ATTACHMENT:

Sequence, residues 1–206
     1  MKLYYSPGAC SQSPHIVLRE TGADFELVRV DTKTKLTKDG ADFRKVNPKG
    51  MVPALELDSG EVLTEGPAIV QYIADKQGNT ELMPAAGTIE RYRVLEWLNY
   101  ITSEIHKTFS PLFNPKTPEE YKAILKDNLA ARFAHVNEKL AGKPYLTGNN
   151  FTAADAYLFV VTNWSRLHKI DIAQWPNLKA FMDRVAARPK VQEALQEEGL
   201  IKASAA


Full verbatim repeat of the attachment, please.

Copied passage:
Sequence, residues 1–206
     1  MKLYYSPGAC SQSPHIVLRE TGADFELVRV DTKTKLTKDG ADFRKVNPKG
    51  MVPALELDSG EVLTEGPAIV QYIADKQGNT ELMPAAGTIE RYRVLEWLNY
   101  ITSEIHKTFS PLFNPKTPEE YKAILKDNLA ARFAHVNEKL AGKPYLTGNN
   151  FTAADAYLFV VTNWSRLHKI DIAQWPNLKA FMDRVAARPK VQEALQEEGL
   201  IKASAA